-------------Wednesday April 2, 2014---------------


*Happy 100th Birthday, Alec Guinness*

7:45am *Murder by Death* (1979) Maggie Smith & Alec Guinness, dir Robert Moore, Columbia 95min (p/s)

9:30am *The Man in the White Suit* (1951) Alec Guinness & Joan Greenwood, dir Alexander MacKendrick, Ealing 85min (p/s)

11:00am *A Passage to India* (1984) Peggy Ashcroft & Alec Guinness, dir David Lean, Columbia 164min (p/s)

1:45pm *Captain?s Paradise* (1953) Alec Guinness & Yvonne De Carlo, dir Anthony Kimmins, Ealing 88min (p/s)

3:15pm *The Bridge on the River Kwai* (1957) Alec Guinness & William Holden, dir David Lean, Columbia 163min (p/s)

6:00pm *Kind Hearts and Coronets* (1949) Alec Guinness & Dennis Price, dir Robert Hamer, Ealing 107min (p/s)


*French Directors in English*

8:00pm- Julien Duvivier- *Tales of Manhattan* (1942) Henry Fonda & Edward G Robinson, FOX 118min PREMIERE

10:00pm- Rene Clair- *And Then There Were None* (1945) Walter Huston & Barry Fitzgerald FOX 97min PREMIERE

11:45pm- Jean Renoir- *This Land is Mine* (1943) Charles Laughton & Maureen O?Hara, RKO 103min (p/s)

1:30am- Francois Truffaut- *Fahrenheit 451* (1966) Oskar Werner & Julie Christy, Universal 112min (p/s)


-----------Thursday April 3, 2014-------------


*And They Lived Happily Ever After? Or Did They?*

3:30am *Leave Her to Heaven* (1945) Gene Tierney & Cornel Wilde, dir John M Stahl FOX 110min (p/s)

5:30am *The Palm Beach Story* (1942) Claudette Colbert & Joel McCrea, dir Preston Sturges Paramount 88min (p/s)

7:00am *Platinum Blonde* (1931) Robert Williams & Jean Harlow, dir Frank Capra Columbia 89min (p/s)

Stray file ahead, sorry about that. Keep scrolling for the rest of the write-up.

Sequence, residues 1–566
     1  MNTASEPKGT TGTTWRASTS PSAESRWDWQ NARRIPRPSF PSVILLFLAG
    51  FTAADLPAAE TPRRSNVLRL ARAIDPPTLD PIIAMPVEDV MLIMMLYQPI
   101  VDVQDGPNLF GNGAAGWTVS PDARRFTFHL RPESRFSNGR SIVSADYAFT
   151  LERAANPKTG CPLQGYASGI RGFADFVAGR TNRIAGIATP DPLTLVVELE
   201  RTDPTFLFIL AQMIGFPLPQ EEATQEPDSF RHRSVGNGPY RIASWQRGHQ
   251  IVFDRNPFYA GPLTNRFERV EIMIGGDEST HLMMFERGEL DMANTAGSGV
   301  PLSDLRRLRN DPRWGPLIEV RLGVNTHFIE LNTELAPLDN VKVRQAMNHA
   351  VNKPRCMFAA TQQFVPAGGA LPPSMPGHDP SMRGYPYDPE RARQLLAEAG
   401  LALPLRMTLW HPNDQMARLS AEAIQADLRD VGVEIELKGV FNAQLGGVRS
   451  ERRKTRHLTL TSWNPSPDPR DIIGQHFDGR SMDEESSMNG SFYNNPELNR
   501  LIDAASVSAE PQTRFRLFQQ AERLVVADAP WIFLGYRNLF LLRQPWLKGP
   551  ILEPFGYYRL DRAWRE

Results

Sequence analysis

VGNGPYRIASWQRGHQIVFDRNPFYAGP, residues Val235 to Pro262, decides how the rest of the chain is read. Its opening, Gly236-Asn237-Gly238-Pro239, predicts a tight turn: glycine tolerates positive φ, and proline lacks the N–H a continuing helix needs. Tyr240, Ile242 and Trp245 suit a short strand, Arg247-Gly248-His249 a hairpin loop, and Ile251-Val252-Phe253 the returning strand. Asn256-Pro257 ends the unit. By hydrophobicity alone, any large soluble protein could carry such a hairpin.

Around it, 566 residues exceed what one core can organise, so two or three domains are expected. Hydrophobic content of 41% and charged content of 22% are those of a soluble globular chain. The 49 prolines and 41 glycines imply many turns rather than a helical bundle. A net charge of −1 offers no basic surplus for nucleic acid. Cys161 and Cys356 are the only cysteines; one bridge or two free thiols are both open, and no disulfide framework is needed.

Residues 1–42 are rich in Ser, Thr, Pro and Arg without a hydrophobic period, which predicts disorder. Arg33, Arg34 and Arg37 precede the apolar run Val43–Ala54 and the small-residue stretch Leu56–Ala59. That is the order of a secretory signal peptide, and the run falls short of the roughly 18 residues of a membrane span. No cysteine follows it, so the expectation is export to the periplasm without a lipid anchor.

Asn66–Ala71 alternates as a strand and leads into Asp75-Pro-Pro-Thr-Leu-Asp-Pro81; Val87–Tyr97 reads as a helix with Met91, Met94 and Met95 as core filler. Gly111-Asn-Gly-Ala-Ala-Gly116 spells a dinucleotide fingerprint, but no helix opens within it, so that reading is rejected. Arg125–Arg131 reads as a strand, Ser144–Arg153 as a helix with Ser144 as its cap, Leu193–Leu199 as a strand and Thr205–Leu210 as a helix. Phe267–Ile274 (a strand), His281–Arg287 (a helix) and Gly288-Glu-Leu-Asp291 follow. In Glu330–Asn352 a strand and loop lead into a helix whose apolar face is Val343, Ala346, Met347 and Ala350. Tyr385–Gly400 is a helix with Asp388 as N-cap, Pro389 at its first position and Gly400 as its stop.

8:30am *The Mating Season* (1950) Gene Tierney & Thelma Ritter, dir Mitchell Leisen 102min (p/s)

10:15am SHORT: *So Your Wife Wants to Work* (1956) George O?Hanlon, dir Richard L Bane WB 10min

10:30am *Designing Woman* (1957) Gregory Peck & Lauren Bacall, dir Vincente Minnelli 118min (p/s)


*The 4F Club*

12:30pm *Hail the Conquering Hero* (1944) Eddie Bracken & Ella Raines, dir Preston Sturges, Paramount 101min (p/s)

2:15pm *The Incredible Mr. Limpett* (1964) Don Knotts & Andrew Duggan, dir Arthur Lubin WB 100min (p/s)

4:00pm *The Miracle of Morgan's Creek* (1944) Betty Hutton & Eddie Bracken, dir Preston Sturges Paramount 98min (p/s)

5:45pm *It?s a Wonderful Life* (1946) James Stewart & Donna Reed, dir Frank Capra, RKO 132min PREMIERE


*Soundtrack by the Sons of the Pioneers*

8:00pm *The Searchers* (1956) John Wayne & Ward Bond, dir John Ford WB 119 min (p/s)

10:00pm *Rhythm on the Range* (1936) Bing Crosby & Frances Farmer, dir Norman Taurog, Paramount 87min PREMIERE

11:30pm *Wagon Master* (1950) Ward Bond & Ben Johnson, dir John Ford RKO 86 min (p/s)

1:00am *Sons of the Pioneers* (1942) Roy Rogers & Dale Evans, dir Joseph Kane, Republic 55min (p/s)

2:00am *Rio Grande* (1950) Maureen O?Hara & John Wayne, dir John Ford, Republic 105min (p/s)


---------------FRIDAY APRIL 4, 2014--------------------



3:45am *The Road to Utopia* (1946) Bing Crosby & Bob Hope, dir Hal Walker, Paramount 90min (p/s)

5:15am SHORT: *Bonanza Bunny* (1959) Mel Blanc, dir Robert McKimson 7min